ADHD for Work and Life

Attention Deficit Hyperactivity Disorder (ADHD) is a behavioural condition that includes symptoms of inattentiveness, hyperactivity and impulsiveness. Making it hard to focus and stay on task as people feel restless. It can cause issues with organisation and prioritising.

In a work setting, staying focused in meetings can feel exhausting.  It can be very hard to manage deadlines and co-ordinating, prioritising different tasks.  It can be hard to follow instructions and manage time well.  But employers can help with regular short 1:1 meetings/mentoring or buddying up with other workers. They can help by breaking down and prioritising work.  Flexibility with hours enables those with the condition to work when they are at their best.  It helps if they have a quiet office with less distractions.  Individuals must set themselves goals and reward their success to encourage focus.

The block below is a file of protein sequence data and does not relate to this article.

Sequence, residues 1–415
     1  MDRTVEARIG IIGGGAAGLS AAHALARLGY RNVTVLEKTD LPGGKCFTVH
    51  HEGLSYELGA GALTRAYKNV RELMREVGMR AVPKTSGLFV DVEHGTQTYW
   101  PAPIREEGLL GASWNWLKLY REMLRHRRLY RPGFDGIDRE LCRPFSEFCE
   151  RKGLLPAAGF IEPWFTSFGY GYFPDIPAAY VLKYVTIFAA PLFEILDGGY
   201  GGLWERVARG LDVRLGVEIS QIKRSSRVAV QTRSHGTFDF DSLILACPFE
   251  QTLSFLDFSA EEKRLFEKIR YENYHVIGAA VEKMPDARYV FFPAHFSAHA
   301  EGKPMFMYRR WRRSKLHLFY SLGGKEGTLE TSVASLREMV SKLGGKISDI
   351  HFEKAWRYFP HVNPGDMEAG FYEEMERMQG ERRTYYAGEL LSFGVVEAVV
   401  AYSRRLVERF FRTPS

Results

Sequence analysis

Strategies can be developed, that if you have the condition, you should try such as using visual aids, using lists, daily to do lists, put distractions and thoughts/ideas into a book to stop them distracting you and only look at this after periods of focusing, using colour codes, moving around when you can, take short breaks when needed, give earlier deadlines, keep your work area tidy, use magnetic bulletin boards or post it notes, have set places where you keep things, using timers, staying organised, using planners and apps like Remember the Milk or noise-focused apps like White Noise, use a hand held 'fidget', for example, for use in meetings and clarifying your understanding via email. Block non-work related websites to help you focus, keep your phone out of sight, have something to chew on, exercise and stretch, use noise cancelling headphones, have activities for breaks that help you calm and focus, like adult colouring books.  You must find a career that interests you and work to your strengths.